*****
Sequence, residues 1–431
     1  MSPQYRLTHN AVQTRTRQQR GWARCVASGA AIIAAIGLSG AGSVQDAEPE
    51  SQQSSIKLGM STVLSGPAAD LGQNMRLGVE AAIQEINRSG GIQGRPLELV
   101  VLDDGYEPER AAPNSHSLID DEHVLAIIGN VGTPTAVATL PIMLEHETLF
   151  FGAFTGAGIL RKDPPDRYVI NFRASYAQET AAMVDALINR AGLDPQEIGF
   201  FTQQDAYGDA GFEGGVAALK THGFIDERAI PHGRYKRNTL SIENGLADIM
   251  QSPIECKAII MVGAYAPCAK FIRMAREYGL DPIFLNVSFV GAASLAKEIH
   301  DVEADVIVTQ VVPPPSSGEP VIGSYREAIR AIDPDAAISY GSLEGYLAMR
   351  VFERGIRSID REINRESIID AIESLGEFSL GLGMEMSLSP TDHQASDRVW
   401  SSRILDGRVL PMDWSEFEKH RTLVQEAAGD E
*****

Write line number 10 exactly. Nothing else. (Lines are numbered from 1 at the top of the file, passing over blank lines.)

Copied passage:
   401  SSRILDGRVL PMDWSEFEKH RTLVQEAAGD E